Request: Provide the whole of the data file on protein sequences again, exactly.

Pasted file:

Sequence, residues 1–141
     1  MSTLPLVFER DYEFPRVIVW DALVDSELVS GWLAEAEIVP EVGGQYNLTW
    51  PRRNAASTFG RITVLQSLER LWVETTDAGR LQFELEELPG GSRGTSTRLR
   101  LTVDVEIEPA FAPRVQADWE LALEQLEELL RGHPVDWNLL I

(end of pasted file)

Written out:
Sequence, residues 1–141
     1  MSTLPLVFER DYEFPRVIVW DALVDSELVS GWLAEAEIVP EVGGQYNLTW
    51  PRRNAASTFG RITVLQSLER LWVETTDAGR LQFELEELPG GSRGTSTRLR
   101  LTVDVEIEPA FAPRVQADWE LALEQLEELL RGHPVDWNLL I